• Garrett Dahn


If you will, unmoor yourself from the present and follow me to the year 2068. Automobiles crawl on highways like a river of mindless ants; airplanes climb atop clouds with measured precision; stocks rise and fall like empires—but in 2068, the whole world is automated. Automobiles are self-driven, air- planes y without a pilot, stocks are managed by artificial intelligence. In 2068, robots have become teachers, insurers, realtors, environmentalists, artists and musicians, because, in 2068, robots are the infallible creatures that humans never were. That which is produced by artificial intelligence is most perfect and efficient. Imperfect, scandal-ridden politicians no longer run for office. Indie bands with their imperfect sound no longer ll the air with music. Human astronauts no longer trace constellations.

Humans have managed to hold onto a few jobs; most notably tap- dancing, a phenomenon not even robots have mastered. Some humans used to work on program- ming robots, but for the past de- cade, robots have become better at programming robots than humans. Mostly, humans eat food made by robot chefs (who begrudgingly wear those ridiculous white hats) and tinker with antiques. By 2068, artificial intelligence has become more intelligent than human intelligence and, as a result, the world works better.

Humans have collectively realized that the root cause of all war and poverty and inequality was the mere imperfection of being human. The problem all along had been a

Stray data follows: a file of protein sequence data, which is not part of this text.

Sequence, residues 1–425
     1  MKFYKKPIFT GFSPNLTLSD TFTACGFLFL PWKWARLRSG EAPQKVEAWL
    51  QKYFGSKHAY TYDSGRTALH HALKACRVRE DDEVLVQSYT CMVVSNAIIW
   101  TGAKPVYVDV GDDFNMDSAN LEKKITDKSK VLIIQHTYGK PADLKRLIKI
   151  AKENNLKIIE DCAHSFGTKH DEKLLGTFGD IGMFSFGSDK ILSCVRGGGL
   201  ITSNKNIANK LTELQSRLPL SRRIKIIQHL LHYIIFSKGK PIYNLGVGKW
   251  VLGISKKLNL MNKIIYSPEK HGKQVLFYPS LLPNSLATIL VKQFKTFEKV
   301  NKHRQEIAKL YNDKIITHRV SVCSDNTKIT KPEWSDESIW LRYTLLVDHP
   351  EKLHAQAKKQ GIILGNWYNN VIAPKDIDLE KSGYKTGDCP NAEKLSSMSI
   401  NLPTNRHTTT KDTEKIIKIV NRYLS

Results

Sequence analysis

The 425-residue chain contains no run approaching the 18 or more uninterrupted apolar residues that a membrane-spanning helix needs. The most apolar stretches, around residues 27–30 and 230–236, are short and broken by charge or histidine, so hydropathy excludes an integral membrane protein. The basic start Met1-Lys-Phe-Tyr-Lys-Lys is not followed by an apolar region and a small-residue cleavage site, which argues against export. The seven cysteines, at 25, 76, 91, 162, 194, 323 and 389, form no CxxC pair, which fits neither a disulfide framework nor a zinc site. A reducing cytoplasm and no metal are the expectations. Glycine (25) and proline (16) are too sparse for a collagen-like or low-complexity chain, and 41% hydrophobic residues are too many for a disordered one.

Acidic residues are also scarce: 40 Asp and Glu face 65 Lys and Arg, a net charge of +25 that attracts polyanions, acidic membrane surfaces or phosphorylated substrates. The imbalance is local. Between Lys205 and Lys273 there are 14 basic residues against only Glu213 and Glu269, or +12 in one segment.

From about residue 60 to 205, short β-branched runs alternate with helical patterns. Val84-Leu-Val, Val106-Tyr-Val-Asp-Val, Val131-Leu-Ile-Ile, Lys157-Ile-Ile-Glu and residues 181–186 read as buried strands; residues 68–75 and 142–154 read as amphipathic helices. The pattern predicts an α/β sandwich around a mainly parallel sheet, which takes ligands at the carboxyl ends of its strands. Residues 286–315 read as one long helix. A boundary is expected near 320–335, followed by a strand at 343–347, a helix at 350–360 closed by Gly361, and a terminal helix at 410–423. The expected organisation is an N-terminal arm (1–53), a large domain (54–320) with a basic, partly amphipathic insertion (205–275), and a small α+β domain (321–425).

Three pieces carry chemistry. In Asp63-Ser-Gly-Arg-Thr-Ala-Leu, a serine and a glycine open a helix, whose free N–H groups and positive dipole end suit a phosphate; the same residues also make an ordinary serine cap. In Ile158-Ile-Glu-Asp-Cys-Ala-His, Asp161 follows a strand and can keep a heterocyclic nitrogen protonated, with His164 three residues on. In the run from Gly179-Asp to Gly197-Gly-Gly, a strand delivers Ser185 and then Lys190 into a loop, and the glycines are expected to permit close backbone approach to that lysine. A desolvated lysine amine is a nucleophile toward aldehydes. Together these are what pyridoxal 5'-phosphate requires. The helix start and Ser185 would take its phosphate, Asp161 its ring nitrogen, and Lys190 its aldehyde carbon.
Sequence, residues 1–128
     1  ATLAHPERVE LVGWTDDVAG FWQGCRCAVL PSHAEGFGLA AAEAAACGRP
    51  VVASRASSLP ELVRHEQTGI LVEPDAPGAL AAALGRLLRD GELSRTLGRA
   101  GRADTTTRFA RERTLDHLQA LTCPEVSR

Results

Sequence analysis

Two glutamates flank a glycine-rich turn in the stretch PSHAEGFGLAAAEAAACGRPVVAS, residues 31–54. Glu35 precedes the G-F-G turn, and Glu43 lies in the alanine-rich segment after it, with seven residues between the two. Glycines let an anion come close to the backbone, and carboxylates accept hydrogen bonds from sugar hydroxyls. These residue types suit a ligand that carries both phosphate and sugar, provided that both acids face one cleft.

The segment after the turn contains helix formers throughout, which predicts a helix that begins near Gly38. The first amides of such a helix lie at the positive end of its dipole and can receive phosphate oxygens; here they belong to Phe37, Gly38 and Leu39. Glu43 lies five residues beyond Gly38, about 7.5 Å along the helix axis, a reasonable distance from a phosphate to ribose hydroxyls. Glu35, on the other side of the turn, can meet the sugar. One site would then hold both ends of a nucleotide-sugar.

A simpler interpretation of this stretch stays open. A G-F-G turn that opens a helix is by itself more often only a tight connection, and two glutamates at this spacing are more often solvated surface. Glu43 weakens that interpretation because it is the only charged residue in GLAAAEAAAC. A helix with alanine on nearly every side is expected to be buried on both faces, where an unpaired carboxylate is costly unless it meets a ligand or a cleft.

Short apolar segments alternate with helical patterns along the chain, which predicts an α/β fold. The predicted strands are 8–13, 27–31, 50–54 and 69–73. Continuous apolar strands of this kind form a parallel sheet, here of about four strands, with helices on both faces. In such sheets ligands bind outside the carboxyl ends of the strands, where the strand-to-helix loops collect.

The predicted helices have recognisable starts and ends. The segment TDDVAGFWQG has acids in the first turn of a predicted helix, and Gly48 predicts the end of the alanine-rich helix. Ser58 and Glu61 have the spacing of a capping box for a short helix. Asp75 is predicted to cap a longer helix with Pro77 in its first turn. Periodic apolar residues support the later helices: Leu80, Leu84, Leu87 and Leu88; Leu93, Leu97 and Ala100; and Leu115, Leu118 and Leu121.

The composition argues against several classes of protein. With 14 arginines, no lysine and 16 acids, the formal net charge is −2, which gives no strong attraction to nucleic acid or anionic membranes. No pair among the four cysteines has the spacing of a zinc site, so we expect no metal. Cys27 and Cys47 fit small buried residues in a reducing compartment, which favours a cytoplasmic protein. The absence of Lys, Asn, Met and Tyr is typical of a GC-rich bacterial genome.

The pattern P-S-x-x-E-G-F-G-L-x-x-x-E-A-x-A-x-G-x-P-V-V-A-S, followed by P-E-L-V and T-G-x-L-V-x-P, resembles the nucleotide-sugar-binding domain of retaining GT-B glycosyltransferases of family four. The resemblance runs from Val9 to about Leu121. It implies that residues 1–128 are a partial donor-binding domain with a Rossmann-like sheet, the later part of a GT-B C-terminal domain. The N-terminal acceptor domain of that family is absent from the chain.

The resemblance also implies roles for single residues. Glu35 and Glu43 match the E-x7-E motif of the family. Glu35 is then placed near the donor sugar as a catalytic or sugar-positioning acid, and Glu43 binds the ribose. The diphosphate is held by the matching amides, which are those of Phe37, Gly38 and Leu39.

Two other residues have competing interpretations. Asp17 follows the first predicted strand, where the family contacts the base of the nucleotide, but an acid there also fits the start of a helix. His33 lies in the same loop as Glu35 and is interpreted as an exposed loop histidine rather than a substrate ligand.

shared frailty.

But I implore you, dearest reader, to realize that the root cause of all that is beautiful in this world is its imperfection. Frailty, jealously, greed, hubris and exceptionalism compel beauty and vivaciousness and a sense of precious, miraculous life. We must not desire perfection, but the tragic and unusual specter of being alive at all.

Humans are not special because they are intelligent, for robots can be superintelligent. Humans are in- stead special because of the throb- bing heart, the pulsing verve, the curious soul.

We are, to quote author Dave Eggers, “tragic and unusual and alive”, and that seems to be enough to conquer the desire of perfection and the

temptations of a robot-induced utopia.

At least, I hope it is.

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